Role of Presenilins in Neuronal Calcium Homeostasis

Department of Physiology, University of Texas Southwestern Medical Center at Dallas, Dallas, Texas 75390, USA.
The Journal of Neuroscience : The Official Journal of the Society for Neuroscience (Impact Factor: 6.34). 06/2010; 30(25):8566-80. DOI: 10.1523/JNEUROSCI.1554-10.2010
Source: PubMed


Alzheimer's disease (AD) is a progressive and irreversible neurodegenerative disorder. Familial AD (FAD) mutations in presenilins have been linked to calcium (Ca(2+)) signaling abnormalities. To explain these results, we previously proposed that presenilins function as endoplasmic reticulum (ER) passive Ca(2+) leak channels. To directly investigate the role of presenilins in neuronal ER Ca(2+) homeostasis, we here performed a series of Ca(2+) imaging experiments with primary neuronal cultures from conditional presenilin double-knock-out mice (PS1(dTAG/dTAG), PS2(-/-)) and from triple-transgenic AD mice (KI-PS1(M146V), Thy1-APP(KM670/671NL), Thy1-tau(P301L)). Obtained results provided additional support to the hypothesis that presenilins function as ER Ca(2+) leak channels in neurons. Interestingly, we discovered that presenilins play a major role in ER Ca(2+) leak function in hippocampal but not in striatal neurons. We further discovered that, in hippocampal neurons, loss of presenilin-mediated ER Ca(2+) leak function was compensated by an increase in expression and function of ryanodine receptors (RyanRs). Long-term feeding of the RyanR inhibitor dantrolene to amyloid precursor protein-presenilin-1 mice (Thy1-APP(KM670/671NL), Thy1-PS1(L166P)) resulted in an increased amyloid load, loss of synaptic markers, and neuronal atrophy in hippocampal and cortical regions. These results indicate that disruption of ER Ca(2+) leak function of presenilins may play an important role in AD pathogenesis.

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    • "Furthermore, PS1 FAD M146V mutant knock-in hippocampal cells showed reduced synaptic plasticity and defects in long-term potentiation (LTP), which can be rescued by inhibition of the RyR [99]. Conditional knockout of presenilins or expression of the PS1 FAD M146V mutant in mouse hippocampal cells has also been shown to increase ER Ca 2+ levels and enhance susceptibility to induced Ca 2+ release [100]. These cells also showed an increase in ER RyR levels, which the authors suggest, maybe a result of the decreased presenilin leak channel function, leading to the increased ER Ca 2+ levels and thus a need for an increase in ER Ca 2+ channel expression. "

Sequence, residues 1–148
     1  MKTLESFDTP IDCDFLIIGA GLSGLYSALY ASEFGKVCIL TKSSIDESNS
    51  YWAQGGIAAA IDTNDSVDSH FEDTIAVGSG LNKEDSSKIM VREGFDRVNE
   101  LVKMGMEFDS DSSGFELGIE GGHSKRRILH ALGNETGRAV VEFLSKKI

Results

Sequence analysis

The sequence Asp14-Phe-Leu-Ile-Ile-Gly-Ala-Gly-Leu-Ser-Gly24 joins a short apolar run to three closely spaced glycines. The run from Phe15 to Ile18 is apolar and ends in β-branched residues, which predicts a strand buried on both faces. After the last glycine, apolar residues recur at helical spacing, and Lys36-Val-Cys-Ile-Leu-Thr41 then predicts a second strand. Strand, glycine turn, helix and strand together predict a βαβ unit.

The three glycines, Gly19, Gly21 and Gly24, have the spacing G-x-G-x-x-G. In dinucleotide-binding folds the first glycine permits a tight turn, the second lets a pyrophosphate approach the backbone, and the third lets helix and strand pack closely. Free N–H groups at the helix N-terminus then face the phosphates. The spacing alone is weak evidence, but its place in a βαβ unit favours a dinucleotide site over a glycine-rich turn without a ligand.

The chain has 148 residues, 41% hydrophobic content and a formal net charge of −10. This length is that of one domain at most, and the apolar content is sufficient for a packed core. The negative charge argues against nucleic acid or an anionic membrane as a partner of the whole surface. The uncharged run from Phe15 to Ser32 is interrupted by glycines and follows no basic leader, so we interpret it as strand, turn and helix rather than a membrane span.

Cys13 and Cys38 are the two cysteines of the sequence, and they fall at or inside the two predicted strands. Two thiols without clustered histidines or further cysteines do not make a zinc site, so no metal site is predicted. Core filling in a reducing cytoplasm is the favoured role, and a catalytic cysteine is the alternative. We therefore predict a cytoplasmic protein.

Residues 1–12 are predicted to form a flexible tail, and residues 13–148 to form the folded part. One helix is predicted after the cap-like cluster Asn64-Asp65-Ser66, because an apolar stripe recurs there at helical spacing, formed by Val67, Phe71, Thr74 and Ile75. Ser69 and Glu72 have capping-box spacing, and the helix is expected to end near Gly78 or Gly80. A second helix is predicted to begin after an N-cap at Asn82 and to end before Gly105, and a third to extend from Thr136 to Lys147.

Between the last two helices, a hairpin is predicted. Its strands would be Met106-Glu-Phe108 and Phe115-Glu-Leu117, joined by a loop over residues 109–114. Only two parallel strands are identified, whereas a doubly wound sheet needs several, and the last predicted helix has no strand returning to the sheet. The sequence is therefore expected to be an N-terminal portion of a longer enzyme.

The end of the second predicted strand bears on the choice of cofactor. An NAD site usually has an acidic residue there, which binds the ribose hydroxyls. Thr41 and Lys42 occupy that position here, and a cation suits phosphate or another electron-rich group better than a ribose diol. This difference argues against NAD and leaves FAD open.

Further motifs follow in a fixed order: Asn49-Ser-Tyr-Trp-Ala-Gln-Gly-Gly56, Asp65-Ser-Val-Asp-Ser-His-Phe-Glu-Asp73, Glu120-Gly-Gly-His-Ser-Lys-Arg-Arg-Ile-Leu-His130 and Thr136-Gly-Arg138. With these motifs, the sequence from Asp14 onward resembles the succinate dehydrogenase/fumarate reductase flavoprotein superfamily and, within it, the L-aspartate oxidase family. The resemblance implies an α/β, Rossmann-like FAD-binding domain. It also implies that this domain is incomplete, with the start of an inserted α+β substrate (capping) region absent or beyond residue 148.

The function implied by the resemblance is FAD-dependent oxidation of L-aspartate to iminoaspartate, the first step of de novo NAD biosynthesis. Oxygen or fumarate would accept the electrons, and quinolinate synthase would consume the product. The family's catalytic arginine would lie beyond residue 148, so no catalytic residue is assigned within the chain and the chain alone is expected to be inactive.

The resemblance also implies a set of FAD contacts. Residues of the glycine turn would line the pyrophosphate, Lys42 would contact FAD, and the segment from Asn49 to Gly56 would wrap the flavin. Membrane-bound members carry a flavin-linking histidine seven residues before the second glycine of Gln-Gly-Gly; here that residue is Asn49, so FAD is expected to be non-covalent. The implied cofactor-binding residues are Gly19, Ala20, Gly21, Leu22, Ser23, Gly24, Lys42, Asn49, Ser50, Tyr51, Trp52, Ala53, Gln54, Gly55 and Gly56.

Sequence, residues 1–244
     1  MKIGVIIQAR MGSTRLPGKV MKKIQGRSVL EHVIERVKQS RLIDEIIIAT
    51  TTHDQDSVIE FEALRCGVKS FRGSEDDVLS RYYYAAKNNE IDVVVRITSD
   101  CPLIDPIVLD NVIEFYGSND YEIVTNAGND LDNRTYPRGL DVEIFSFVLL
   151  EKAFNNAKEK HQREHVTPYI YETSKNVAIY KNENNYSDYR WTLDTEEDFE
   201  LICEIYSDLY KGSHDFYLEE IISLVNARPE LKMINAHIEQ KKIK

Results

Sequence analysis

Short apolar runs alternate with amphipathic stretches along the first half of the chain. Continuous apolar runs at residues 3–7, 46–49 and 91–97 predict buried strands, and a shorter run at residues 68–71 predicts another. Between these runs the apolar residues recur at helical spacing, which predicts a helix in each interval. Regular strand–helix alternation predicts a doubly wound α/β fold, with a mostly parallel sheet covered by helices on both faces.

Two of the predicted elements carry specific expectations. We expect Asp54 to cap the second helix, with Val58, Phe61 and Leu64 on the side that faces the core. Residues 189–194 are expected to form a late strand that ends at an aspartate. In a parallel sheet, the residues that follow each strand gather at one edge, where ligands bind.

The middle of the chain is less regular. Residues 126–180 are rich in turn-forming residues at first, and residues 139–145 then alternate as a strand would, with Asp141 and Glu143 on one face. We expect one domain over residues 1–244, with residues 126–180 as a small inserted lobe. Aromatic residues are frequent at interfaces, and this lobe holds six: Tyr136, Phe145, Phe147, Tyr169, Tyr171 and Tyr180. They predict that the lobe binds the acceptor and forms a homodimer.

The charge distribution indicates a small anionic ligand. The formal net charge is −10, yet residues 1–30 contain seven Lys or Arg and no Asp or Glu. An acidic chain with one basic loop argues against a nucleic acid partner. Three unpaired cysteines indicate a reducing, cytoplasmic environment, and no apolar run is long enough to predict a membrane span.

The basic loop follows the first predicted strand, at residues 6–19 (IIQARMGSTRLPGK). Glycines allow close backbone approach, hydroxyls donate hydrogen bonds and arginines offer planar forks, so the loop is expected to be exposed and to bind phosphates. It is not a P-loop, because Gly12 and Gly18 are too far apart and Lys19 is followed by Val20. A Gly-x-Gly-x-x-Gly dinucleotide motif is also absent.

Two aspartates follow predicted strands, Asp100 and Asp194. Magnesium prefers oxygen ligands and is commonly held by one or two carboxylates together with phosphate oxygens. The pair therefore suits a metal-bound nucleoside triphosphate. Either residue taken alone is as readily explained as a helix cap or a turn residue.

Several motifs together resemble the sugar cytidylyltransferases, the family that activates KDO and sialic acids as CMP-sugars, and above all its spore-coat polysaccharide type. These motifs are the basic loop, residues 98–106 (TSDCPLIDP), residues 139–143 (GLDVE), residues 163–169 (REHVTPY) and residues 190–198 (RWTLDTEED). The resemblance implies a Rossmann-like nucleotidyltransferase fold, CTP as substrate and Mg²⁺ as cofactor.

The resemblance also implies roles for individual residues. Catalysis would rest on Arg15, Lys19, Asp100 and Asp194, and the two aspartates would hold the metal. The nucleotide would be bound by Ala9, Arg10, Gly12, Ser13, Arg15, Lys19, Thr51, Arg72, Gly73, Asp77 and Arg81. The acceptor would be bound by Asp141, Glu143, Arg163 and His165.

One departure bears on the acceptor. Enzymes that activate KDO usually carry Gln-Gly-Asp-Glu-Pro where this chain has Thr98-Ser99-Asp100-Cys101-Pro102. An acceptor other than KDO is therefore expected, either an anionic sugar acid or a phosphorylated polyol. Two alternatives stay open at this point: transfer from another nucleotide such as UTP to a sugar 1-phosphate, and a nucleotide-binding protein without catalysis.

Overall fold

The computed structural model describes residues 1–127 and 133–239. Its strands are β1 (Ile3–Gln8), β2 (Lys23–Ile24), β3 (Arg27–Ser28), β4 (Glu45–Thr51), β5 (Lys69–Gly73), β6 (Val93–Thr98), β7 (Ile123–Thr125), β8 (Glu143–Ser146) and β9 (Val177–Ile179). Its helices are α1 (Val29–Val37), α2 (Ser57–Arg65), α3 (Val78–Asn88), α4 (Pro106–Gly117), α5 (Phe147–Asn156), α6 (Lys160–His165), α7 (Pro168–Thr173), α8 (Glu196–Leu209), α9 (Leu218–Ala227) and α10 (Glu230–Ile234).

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    ABSTRACT: The presenilins are the catalytic subunit of the membrane-embedded tetrameric γ-secretase protease complexes. More that 90 transmembrane proteins have been reported to be γ-secretase substrates, including the widely studied amyloid precursor protein (APP) and the Notch receptor, which are precursors for the generation of amyloid-β peptides and biologically active APP intracellular domain (AICD) and Notch intracellular domain (NICD). The diversity of γ-secretase substrates highlights the importance of presenilin-dependent γ-secretase protease activities as a regulatory mechanism in a range of biological systems. However, there is also a growing body of evidence that supports the existence of γ-secretase-independent functions for the presenilins in the regulation and progression of an array of cell signalling pathways. In this review, we will present an overview of current literature that proposes evolutionarily conserved presenilin functions outside of the γ-secretase complex, with a focus on the suggested role of the presenilins in the regulation of Wnt/β-catenin signalling, protein trafficking and degradation, calcium homeostasis and apoptosis.
    Cellular Signalling 10/2015; 28(1). DOI:10.1016/j.cellsig.2015.10.006 · 4.32 Impact Factor